Art & Lifestyle

Interior Decorator Lucia Tait Tolani’s Home Colour Commandments

Personal stylist and interior decorator Lucia Tait Tolani on embracing colour at home, even in a rental, and where to shop interiors in Hong Kong 

by Dervla Louli

23 Oct 2019

If you’re too scared to paint your ceiling or don’t know where to begin with wallpaper, Tait Tolani is the decorator you need to have on speed dial. The personal stylist and interior decorator has had her colourful, curio-filled home showcased on multiple magazine covers and is passionate about helping clients turn their houses into homes that reflect their personalities.

Statement colours are a signature part of your design aesthetic. What are your go-to paint brands and shades that you use in multiple projects?

I have used eicó paint exclusively since my previous favourite, Farrow & Ball, is no longer available in Hong Kong. eicó is a great discovery because they can colour match or create any hue and their paint is water based – it is safe for children and pets. It hardly produces a scent when applied, and you can even sleep in the room the same night as application. I’m currently working on a project where we’ve developed a raspberry and a deep teal together and I am so looking forward to seeing the results. 

What are a few golden rules for colour combining at home?

You need to strike the right balance between contrast and harmony. In some spaces having a striking colour combo creates a welcome energetic moment, while in others your eye needs to be able to rest. Most of all, pick shades that make you feel something. 

What are some health-conscious home decor companies you can’t live without as an interior designer?

The most important room for health-conscious home decor is a nursery or child’s room. I try to keep these spaces as non-toxic as possible, from the furniture down to the mattress and bed linens. I look for green certifications and brands with wellness in their DNA. I find The Tot has a thoughtful curation for kids and they ship directly to Hong Kong which is key. Incorporating vintage pieces throughout a home is a sustainable option which I’m already drawn to. As they say, ‘they just don’t make them like they used to!’. 

Do you have any fail-safe decor tips for rentals when major renovations aren’t an option?

Paint is the easiest way to freshen a rental that lacks personality, and within a day! What looks like a basic box in white can come to life with a coat of colour. For smaller spaces like bedrooms, I often employ wallpaper as the main design element, and have everything else play off of it. My biggest tip is don’t forget the ceiling. Adding trim, paint, and hero chandeliers with medallions are some of my go-tos. 

Tell us about your work process from inspiration to creation?

Pinterest is an amazing tool for jump-starting the creative process. I find it helps clients show me ideas they love – many of them don’t have the vocabulary to explain what they want but they can easily describe their preferences using a visual aid. They pull favourites from my library of images (many of my pins are also saved from IG), which I then enhance and embellish into a mood board to guide us through the project. Images gathered from Pinterest also help me communicate with local Hong Kong craftsman when I don’t have the language and need to be super specific.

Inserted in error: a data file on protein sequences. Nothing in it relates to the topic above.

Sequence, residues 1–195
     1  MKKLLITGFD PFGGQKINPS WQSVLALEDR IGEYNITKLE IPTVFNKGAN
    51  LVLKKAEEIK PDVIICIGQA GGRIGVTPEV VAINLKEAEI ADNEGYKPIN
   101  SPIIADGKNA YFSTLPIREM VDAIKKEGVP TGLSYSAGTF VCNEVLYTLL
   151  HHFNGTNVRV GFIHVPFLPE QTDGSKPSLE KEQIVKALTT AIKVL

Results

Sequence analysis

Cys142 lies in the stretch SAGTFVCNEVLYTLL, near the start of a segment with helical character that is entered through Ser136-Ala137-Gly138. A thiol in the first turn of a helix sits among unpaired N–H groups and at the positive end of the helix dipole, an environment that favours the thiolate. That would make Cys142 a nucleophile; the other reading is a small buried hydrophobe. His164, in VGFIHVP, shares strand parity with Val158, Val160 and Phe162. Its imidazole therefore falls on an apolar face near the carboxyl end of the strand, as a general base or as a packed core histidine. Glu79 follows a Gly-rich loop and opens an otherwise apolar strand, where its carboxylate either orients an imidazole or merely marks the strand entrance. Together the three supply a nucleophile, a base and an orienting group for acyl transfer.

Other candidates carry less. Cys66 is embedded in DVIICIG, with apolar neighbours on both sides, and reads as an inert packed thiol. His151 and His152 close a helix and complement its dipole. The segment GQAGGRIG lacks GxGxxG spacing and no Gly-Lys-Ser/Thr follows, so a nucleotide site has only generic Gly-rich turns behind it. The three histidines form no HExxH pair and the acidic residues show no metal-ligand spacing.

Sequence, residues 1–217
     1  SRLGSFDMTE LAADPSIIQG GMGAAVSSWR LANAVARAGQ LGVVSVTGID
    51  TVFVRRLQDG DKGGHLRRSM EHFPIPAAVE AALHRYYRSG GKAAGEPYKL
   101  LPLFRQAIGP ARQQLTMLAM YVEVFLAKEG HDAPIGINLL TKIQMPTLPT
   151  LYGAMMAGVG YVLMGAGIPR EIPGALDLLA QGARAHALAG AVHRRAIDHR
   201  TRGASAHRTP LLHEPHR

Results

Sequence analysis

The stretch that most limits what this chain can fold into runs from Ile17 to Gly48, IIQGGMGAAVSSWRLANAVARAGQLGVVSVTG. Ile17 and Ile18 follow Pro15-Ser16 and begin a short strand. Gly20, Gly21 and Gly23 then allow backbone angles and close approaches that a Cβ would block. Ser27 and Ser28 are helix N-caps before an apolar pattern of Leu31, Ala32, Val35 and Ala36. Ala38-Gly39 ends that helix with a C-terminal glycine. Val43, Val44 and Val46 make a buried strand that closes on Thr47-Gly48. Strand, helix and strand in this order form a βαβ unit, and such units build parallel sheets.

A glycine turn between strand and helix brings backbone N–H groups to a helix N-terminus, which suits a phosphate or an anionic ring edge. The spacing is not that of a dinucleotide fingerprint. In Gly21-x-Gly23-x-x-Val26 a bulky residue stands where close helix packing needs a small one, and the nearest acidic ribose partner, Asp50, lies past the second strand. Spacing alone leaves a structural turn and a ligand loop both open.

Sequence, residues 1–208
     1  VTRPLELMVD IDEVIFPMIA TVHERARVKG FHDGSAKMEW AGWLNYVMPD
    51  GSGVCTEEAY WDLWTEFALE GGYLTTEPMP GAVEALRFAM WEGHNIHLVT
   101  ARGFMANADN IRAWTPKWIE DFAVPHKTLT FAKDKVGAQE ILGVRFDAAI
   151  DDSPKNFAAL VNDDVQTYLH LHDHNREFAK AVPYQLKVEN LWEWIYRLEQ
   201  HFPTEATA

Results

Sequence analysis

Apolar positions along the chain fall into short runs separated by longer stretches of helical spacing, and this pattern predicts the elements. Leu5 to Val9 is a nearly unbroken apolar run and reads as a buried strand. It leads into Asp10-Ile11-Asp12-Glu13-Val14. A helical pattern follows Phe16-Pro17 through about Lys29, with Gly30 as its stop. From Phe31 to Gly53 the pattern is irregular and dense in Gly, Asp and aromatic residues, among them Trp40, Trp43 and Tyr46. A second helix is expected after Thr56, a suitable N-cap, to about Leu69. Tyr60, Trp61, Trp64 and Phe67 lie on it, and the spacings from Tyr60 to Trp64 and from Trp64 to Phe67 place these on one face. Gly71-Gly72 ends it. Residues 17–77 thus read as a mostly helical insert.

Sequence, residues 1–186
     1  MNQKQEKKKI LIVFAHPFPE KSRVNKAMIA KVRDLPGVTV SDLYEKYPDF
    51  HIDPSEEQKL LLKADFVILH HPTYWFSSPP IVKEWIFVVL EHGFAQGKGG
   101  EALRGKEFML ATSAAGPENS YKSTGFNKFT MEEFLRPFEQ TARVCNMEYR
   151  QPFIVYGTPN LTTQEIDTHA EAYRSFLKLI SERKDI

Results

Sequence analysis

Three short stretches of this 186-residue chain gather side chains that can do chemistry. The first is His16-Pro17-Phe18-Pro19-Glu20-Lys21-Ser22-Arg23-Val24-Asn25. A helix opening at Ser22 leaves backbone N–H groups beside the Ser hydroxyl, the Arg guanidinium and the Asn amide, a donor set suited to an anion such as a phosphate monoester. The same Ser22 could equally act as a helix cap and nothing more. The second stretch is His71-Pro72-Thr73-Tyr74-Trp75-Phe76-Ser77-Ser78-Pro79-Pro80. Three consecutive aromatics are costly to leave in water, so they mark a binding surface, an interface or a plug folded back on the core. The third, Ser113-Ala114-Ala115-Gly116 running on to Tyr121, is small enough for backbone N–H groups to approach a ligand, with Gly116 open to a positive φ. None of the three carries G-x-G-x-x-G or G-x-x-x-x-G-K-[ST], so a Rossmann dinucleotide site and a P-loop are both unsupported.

My concepts and picks are often inspired by my travels, and that includes sourcing pieces and vendors in other cities (NYC and London are favourites, as is Paris for the flea markets) and travelling for trade shows. This year I did both Salone del Mobile in Milan and Maison & Objet. Going to fairs helps me keep a finger on the pulse of design and refreshes my eyes. 

What Hong Kong interior décor companies do you love working with?

The company I most love to work with here is Altfield. The staff (namely Amanda and Victoria) have been so supportive since I decided to dip my toe into decor. They have really encouraged me. I adore the brands Altfield makes available to designers in Hong Kong. My favourite for wallpaper is Cole & Son (they also carry well-loved de Gournay), and for fabric I tend to use Pierre Frey, Gaston y Daniela, Scalamdre and Jim Thompson. I often finish a room with their small decor pieces, including lamps and side tables. 

What are your favourite websites, brands, designers and boutiques for sourcing pieces for clients? 

I find my statement furniture pieces on 1stdibs, but I also like Chairish and DeCaSo for easy pieces like lighting and rugs. I find such interesting dealers and collectors via both outlets. I appreciate heritage brands such as Soane, whose rattan pieces are still weaved by hand, while I also covet indie studios such as Draga & Aurel who work with materials such a resin.

Vintage home decor is a big part of the sustainable shopping movement. What pieces from what eras and designers should we have on our radar to collect?

Mid-century modern is still having a moment, but now 1970’s organic glamour is also hot. I’ve been seeing a lot of super stuffed low sofas from or inspired by this era, as well as fringed lighting and all things Gabriella Crespi. 

What are the items that turn a house into an elegant home?

For me, a book collection and plants turn a house into a home. A library enables your guests to learn more about you at just a glance, while every home needs living elements – potted greenery or cut flowers work, and extra points for a pet! 

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